SALT LAKE CITY – As dozens of small businesses across the country struggle to stay afloat, desperately needed financial aid is finally underway.
Congress on Monday passed the Economic Aid Act for Small Businesses, Nonprofits and Local Organizations – a $ 325 billion aid package that was part of the general relief spending for COVID-19 and aims to provide additional assistance long ago. long awaited for the hardest hit businesses, nonprofits and entertainment facilities that continue to struggle to recover from the effects of the coronavirus pandemic.
“Last time, it was a great help. I managed to keep my team for another month and a half. Unfortunately, after the funding ran out, I had to dismiss most of them,” said Molly Kohrman, owner of Brownies! Brownies! Brownies! at Sugar House, which applied for loans from the Coronavirus Aid, Relief, and Economic Security Act in the fall. “I had seven employees in the pre-pandemic. Now I have two and I will probably be with one next month. The additional funding would make a big difference if we could stay open for a few more months or if we were going to close in a few months.
“I know of a number of companies in the food industry that are reducing their services – whether it’s hours, product lines or personnel – and are making huge cuts in the next month or more, in the hope of being able to remain open,” said Kohrman. “But I know that many of them are just at this point playing day after day.”
She said the pandemic has affected revenues so much that she worries whether her store will be able to survive in the long run.
“If something doesn’t change in the very near future, then I intend to close the deal permanently,” said Kohrman.
For this latest emergency aid package, the law provides a second round of forgiving loans to small businesses made through the Pay Check Protection Program. The plan brings improvements to PPP, financing grants for locations closed by the outbreak, along with the enactment of emergency improvements for other US Small Business Administration loan programs.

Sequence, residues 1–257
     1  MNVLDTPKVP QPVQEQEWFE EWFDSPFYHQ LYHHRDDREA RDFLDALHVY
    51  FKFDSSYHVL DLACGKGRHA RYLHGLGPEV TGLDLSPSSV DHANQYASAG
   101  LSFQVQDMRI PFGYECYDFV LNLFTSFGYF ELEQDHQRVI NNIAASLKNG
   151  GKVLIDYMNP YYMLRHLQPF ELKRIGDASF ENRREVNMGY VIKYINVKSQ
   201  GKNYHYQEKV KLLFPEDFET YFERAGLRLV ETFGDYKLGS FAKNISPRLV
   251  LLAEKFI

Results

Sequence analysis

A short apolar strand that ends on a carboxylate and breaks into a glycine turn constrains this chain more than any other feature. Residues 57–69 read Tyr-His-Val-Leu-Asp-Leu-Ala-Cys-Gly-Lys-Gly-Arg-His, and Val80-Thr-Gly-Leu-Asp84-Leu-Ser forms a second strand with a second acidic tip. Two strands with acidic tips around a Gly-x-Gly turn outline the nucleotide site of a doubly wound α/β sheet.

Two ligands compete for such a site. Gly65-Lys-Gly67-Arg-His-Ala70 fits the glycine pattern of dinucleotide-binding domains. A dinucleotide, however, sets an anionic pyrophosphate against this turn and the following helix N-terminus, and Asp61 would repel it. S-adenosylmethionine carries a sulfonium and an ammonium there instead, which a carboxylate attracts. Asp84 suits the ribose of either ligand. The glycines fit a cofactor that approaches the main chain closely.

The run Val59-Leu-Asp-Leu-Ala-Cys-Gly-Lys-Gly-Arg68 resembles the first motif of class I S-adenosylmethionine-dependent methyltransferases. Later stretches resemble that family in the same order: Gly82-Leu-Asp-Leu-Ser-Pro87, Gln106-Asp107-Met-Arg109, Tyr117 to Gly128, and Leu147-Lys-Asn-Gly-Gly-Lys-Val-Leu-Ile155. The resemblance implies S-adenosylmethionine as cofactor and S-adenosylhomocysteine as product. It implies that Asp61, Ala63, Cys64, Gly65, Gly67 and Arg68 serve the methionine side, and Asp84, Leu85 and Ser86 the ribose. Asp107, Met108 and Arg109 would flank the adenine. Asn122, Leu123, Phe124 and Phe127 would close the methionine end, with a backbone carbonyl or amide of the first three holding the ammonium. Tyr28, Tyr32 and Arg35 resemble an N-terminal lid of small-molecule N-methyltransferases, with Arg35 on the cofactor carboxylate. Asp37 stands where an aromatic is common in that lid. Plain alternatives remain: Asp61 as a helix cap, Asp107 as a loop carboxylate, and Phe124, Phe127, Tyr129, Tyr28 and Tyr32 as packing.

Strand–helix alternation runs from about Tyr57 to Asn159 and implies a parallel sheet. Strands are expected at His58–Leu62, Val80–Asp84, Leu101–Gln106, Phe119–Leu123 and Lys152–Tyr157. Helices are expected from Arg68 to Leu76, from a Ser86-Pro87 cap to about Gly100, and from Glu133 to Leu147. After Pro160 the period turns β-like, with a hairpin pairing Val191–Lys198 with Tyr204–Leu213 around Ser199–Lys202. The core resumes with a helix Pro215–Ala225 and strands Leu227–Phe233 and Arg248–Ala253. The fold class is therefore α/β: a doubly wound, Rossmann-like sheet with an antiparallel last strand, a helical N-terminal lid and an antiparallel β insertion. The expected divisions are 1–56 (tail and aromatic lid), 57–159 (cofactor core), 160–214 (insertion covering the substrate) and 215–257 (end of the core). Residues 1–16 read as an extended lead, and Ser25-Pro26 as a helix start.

“This critical assistance will provide small business owners with the capital they need to survive the pandemic and includes essential resources for Utah’s smallest businesses and nonprofits,” said Marla Trollan, director of Utah’s Small Business Administration district. US companies.
“In response to the new legislation, we will put our rapid response team back in and train them directly to answer general questions received for us and receive references to the most technical questions and queries from the lender,” she said.
Contact information will be provided as soon as the team is formed, she said.
Small business owners and nonprofits can subscribe to the Utah SBA office newsletter at www.sba.gov/offices/district/ut/salt-lake-city, as well as check for updates on Twitter: @SBA_Utah to stay up to date on new programs and any changes that may be implemented in the coming weeks, explained SBA Utah District spokeswoman Siobhan Carlile.
Some of the main points of the new federal relief package include the creation of a second round of PPP loans for eligible companies, defining the eligibility requirements for the second PPP draw as entities with no more than 300 employees and those that can demonstrate a at least 25% reduction in gross revenue between comparable quarters in 2019 and 2020, said a press release.
The new plan establishes a maximum loan amount of 2.5 times the company’s average monthly payroll cost – up to $ 2 million. The program also allows small businesses in the lodging and food industry to receive second-rate PPP loans equal to 3.5 times their average monthly payroll costs to help these companies mitigate state and local restrictions that have affected their financial results.
Borrowers receive full loan forgiveness if they spend at least 60% of their next PPP loan on payroll costs over a period of their choice between eight and 24 weeks, the statement said.
The program affirms the eligibility of churches and religious organizations, while prohibiting a future White House government from designating them as ineligible. The law also preserves the application of membership rules to non-profit organizations, specifically making planned paternity ineligible.
The plan includes specific provisions that support first-time PPP borrowers with 10 or less employees, second-time PPP borrowers with 10 or less employees, first-time PPP borrowers who were recently eligible, as well as returning PPP borrowers for the second time . The plan also provides for a reserve for loans made by community creditors, the statement said.
For more information about the new aid package and its funding programs, visit the SBA Utah district office website or call 801-524-3209.